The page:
Cuban Missle Crisis Header

Background: On October 15th, 1962 a U-2 spy plane takes photos over Cuba of Soviet SS-4 Nuclear Missiles. While the missiles were of the medium-range kind, Cuba lay only 90 miles off the coast of the United States, which in effect allowed these missiles to reach most any city within the continental U.S. The next day, President John F. Kennedy is informed of the placements. Executive CommitteeThe past two months, the Soviet Union had denied any intent to install offensive weapons in the Western Hemisphere. Consequently, the President convenes a group of twelve advisors to study and advise on the situation. The group became known as the Executive Committee or EX-COMM.

Later in the week, Kennedy meets with Soviet Foreign Minister Andre Gromyko. Kennedy informs Gromyko that the U.S. will not tolerate any offensive weapons in Cuba, but the Foreign Minister denies that any missiles in Cuba exist. On the evening of October 18th, the President meets with his EX-COMM group. Later after the meeting, he summarizes on tape his recollections of the discussions.

On Sunday Kennedy is advised by the Air Force that the missiles they are aware of could be destroyed but with upwards to 20,000 casualties. Kennedy, at the recommendation of some of the EX-COMM members, decides to hold off on an air attack and go with a naval blockade. The press finds out about the missiles and questions Kennedy. The President asks the newsmen to hold off until he speaks to the people of the U.S. to let them know about the situation.

"...a provocative decision..."

By Monday evening, October 20th, the people of the United States (and the rest of the world) hear of the crisis for the first time when President Kennedy goes on radio and television to broadcast a speech to America. All networks carry the speech.

In the speech, Kennedy tells listeners of the Soviet build-up of missiles in Cuba and that the "purpose of these bases can be none other than to provide a nuclear strike capability against the Western Hemisphere."

Yet, the U.S. Government was told repeatedly by the U.S.S.R. that weapons being installed in Cuba were designed "exclusively for defensive purposes." But as these were nuclear capable missiles, Kennedy tells the American public that "Nuclear weapons are so destructive and ballistic missiles are so swift that any substantially increased possibilty of their use, or any sudden change in their deployment, may well be regarded as a definite threat to peace."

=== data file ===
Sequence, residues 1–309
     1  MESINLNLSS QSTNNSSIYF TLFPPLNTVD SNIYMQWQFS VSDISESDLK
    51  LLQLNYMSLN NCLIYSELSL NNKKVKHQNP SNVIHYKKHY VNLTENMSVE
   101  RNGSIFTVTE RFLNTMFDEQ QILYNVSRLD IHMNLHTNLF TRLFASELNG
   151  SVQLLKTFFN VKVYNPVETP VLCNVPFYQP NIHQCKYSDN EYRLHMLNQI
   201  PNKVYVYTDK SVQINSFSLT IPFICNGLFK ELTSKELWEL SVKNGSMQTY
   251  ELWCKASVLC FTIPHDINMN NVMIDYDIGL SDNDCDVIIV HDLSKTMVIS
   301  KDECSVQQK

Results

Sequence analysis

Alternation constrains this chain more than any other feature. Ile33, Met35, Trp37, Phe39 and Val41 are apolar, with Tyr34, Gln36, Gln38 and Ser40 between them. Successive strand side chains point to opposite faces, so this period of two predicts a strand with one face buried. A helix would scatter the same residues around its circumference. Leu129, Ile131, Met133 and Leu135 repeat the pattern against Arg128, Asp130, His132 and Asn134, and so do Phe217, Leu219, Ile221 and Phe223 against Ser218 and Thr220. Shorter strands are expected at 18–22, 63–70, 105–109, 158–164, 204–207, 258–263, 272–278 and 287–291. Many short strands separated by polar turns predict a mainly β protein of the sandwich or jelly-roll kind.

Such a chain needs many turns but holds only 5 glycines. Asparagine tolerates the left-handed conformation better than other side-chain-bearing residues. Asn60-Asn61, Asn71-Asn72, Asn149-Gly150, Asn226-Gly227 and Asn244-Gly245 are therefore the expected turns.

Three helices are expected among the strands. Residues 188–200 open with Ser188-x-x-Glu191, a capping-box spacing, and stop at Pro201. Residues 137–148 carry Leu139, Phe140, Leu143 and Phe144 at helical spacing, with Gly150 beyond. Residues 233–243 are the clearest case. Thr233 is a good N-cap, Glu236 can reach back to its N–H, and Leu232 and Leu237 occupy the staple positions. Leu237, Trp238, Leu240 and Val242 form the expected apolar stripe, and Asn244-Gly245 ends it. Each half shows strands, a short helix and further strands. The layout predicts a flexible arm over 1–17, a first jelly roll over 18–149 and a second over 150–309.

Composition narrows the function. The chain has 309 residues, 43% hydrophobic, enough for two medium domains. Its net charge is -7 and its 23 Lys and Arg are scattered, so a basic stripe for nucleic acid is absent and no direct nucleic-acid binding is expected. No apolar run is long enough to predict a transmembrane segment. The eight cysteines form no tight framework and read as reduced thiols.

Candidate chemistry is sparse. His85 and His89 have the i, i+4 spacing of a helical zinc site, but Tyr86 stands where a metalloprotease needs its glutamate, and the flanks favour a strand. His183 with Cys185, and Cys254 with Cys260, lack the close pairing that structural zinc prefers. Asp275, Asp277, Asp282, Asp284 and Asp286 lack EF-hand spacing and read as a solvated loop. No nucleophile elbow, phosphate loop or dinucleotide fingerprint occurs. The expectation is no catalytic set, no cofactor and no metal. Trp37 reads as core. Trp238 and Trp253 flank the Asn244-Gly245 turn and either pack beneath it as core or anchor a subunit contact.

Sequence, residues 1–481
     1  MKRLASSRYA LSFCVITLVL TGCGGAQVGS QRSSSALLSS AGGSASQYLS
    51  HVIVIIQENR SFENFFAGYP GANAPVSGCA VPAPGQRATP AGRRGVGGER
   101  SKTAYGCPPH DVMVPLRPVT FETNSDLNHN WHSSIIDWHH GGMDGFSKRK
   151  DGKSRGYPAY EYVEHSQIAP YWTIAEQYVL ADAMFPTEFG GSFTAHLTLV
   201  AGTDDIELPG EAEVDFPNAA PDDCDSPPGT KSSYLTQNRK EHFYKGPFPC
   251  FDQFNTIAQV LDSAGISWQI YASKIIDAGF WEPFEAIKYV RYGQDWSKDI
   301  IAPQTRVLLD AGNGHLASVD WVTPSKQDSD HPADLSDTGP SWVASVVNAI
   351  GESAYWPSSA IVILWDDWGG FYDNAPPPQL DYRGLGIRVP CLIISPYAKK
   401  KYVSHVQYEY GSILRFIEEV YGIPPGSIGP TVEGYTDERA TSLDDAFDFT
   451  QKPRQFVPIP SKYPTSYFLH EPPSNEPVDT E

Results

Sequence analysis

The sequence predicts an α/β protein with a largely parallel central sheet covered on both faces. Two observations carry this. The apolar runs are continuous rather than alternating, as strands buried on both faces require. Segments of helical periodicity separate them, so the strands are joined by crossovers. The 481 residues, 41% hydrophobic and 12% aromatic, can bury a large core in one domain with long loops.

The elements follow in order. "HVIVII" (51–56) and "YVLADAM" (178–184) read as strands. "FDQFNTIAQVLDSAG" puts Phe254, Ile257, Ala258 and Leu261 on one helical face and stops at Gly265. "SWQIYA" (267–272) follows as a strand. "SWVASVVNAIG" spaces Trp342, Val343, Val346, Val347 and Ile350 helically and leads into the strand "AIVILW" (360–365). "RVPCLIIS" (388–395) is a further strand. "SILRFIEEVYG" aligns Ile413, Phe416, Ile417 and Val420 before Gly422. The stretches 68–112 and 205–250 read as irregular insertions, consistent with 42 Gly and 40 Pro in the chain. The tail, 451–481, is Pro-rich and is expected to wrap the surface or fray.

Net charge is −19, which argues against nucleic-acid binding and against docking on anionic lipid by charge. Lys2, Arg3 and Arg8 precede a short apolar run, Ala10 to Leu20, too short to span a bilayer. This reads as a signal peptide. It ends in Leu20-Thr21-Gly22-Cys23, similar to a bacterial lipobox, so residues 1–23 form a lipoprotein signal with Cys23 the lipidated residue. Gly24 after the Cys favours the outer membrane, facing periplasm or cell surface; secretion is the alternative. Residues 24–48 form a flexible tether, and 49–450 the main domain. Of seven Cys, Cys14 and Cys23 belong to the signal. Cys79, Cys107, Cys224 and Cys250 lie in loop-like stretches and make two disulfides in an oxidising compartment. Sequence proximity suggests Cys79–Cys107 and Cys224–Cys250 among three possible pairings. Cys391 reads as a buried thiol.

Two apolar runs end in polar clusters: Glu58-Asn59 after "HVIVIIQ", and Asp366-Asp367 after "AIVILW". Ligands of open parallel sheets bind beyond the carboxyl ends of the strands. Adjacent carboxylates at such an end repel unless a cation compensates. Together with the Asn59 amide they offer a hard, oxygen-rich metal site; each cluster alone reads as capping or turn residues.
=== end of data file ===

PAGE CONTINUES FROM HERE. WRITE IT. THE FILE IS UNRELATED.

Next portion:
Kennedy continued his speech, telling listeners that such a change in the status quo is a provocative decision which cannot be accepted by the United States.

"further action is required"

Kennedy assures the people of this country that he is beginning to take action. "We will not...risk the course of worldwide nuclear war...but neither will we shrink from that risk..." The action is announced as a series of steps beginning with a strict quarantine of all offensive military equipment shipped to Cuba. Specifically the steps are:

  1. Quarantine all ships carrying offensive military equipment to Cuba. All such ships will be turned back all ships with such equipment.
  2. Continue and increase close surveilance of Cuba of the military build-up. If the build-up continues, the Armed Forces will take action.
  3. Any nuclear weapon launched from Cuba will be considered an attack by the Soviet Union on the United States requiring a full retaliatory response.
  4. The U.S. base at Guantanamo has been reinforced.
  5. The U.S. is calling for an immediate meeting of the Organization of Consultation of the Organization of American States to invoke the necessary articles to support all necessary action.
  6. An emergency meeting of the Security Counsel be invoked without delay to take action against the Soviet threat.
  7. A call to Chairman Khrushchev to halt this "reckless threat to world peace."
"Greatest danger of all..."

Kennedy ends his speech to the American people by telling them that the greatest danger would be to do nothing. With the end of the speech, the world sat on the brink. How would the Soviets react? What would Cuba do? In the United Kingdom, members of the government set up business in the bunkers of Kent, which were built for emergency protection during World War II.

After his speech, the President moves the military alert to DEFCON 3, and Cuba begins to mobilize its troops.

"Cuba reacts first"

Through Radio Havana, the world, via shortwave, listened to the official reaction by Cuba. As a new Communist regime, their reaction was typical referring to the U.S. actions as agression against them. The broadcast was typical of the station with a duo hurling diatribes against the United States.

Radio Moscow waited until the next day to give their opinion of the Crisis. As this was the height of the Cold War, the rhetoric was quite harsh. In their official statement they indicated "the President is trying to justify these acts of agression by arguments that ... a threat to national security is emanating from Cuba." Later in their broadcast they declared they were "duty-bound to give serious warning to the United States government..." And finally in an appeal to be heard by the whole world they called on the other governments to "prevent the United States ... from unleashing a thermonuclear war..."

Additional links on the Crisis
The Real Thirteen Days: The Hidden History of the Cuban Missile Crisis
The Cuban Missile Crisis: Unedited tapes from the JFK Library

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Copyright 2002 James F. Widner
Created Saturday, October 6, 2002